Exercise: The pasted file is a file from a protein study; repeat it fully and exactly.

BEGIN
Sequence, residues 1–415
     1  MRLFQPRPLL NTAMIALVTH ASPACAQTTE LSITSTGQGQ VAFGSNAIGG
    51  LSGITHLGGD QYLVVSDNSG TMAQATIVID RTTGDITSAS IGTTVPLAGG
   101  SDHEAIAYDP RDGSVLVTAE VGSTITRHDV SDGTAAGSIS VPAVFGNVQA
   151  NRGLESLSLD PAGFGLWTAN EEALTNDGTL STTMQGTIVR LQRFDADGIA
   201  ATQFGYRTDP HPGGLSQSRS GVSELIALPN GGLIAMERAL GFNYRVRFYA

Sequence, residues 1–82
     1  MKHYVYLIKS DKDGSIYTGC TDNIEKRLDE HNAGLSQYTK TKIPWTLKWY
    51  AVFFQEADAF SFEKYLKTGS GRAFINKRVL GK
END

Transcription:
Sequence, residues 1–415
     1  MRLFQPRPLL NTAMIALVTH ASPACAQTTE LSITSTGQGQ VAFGSNAIGG
    51  LSGITHLGGD QYLVVSDNSG TMAQATIVID RTTGDITSAS IGTTVPLAGG
   101  SDHEAIAYDP RDGSVLVTAE VGSTITRHDV SDGTAAGSIS VPAVFGNVQA
   151  NRGLESLSLD PAGFGLWTAN EEALTNDGTL STTMQGTIVR LQRFDADGIA
   201  ATQFGYRTDP HPGGLSQSRS GVSELIALPN GGLIAMERAL GFNYRVRFYA

Sequence, residues 1–82
     1  MKHYVYLIKS DKDGSIYTGC TDNIEKRLDE HNAGLSQYTK TKIPWTLKWY
    51  AVFFQEADAF SFEKYLKTGS GRAFINKRVL GK